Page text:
City to crack down on illegal dumping in downtown dumpsters
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Downtown business owners who pay for weekly and biweekly garbage service, have filed complaints with City of Cairo officials about illegal dumping in dumpsters located in the central business district. Impacted business owners say often times the dumpsters are full or overflowing with the trash of others.
Councilman Bobby Gwaltney brought the subject up at Monday night’s city council meeting. The primary complaints are from business owners who pay for dumpsters located in the central business district, west of South Broad Street.
According to Gwaltney, one dumpster identified as for use exclusively by a downtown restaurant does not appear to be abused, but other nearby dumpsters that do not have lids are frequently filled with others’ garbage.
“I don’t know if we put a sign on it or put a dumpster with lids on it if that would help or not,” Councilman Gwaltney said.
Cairo city manager Chris Addleton said this was the first he had heard of any complaints and he suggested having the police closely monitor and patrol the area as well as putting a sign on the dumpster would be his first course of action.
Councilman Demario Byrden suggested if the city established a “harsh fine” it might deter those from illegally dumping.
Addleton reminds the public that the county operates manned dumpster sites where trash can be disposed of during business hours, or garbage may be disposed of in rollaway containers at the city’s sanitary landfill.
In other business Monday night, the council:
• Heard a request from Councilman James H. (Jimmy) Douglas for city attorney Thomas L. Lehman to bring forward revision to the city ordinance regulating permits for the razing of structures to shorten the length of time property owners had to begin work and complete significant progress on razing structures deemed a nuisance.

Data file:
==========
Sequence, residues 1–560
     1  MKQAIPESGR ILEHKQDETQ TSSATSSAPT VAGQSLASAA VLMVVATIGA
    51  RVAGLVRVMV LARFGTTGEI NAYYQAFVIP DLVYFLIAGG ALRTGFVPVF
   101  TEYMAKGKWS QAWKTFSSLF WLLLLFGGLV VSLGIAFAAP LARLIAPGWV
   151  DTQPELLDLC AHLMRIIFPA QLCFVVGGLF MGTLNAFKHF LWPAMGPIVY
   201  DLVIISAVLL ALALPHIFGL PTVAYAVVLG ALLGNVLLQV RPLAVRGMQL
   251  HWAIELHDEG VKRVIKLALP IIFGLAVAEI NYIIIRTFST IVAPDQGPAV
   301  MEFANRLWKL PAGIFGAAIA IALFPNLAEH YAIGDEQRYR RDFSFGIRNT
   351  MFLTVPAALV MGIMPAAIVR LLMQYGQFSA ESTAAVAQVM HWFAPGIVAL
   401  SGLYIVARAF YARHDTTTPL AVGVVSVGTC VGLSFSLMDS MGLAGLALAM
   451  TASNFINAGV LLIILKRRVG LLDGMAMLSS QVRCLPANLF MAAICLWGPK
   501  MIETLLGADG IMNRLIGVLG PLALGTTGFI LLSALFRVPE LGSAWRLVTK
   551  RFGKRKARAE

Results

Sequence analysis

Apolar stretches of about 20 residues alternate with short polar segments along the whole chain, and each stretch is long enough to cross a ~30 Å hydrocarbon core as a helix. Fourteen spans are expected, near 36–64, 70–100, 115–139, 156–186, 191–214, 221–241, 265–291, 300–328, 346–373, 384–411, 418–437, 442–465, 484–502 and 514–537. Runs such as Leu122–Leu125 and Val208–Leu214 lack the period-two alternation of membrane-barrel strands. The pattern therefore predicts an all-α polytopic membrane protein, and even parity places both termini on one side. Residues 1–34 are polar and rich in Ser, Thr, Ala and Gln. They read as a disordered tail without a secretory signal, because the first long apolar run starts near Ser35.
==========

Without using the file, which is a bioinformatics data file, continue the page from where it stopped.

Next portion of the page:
• Authorized Mayor Howard Thrower, who was absent Monday night due to a family member’s death, to execute documents for the city to receive federal coronavirus relief funds. The city is eligible for an advance amount of $147,133.64 and a total appropriation of $490,445.48. The city manager said the city would have no difficulty in justifying its COVID-19 related expenses in order to receive full federal funding.
• Introduced a new solar panel ordinance that permits ground mounted solar energy systems only in I-1, I-2 or agriculture zones within the city. A final vote is anticipated in two weeks.
•Approved a special event permit for “Community Outreach at Davis Park” on Sept. 26 from 7 a.m. until 4 p.m. The application stipulated a 6 a.m. start time, but city parks do not open before 7 a.m. According to city officials, organizers may begin to set up earlier, but the event start time must be 7 a.m. to coincide with the park’s hours.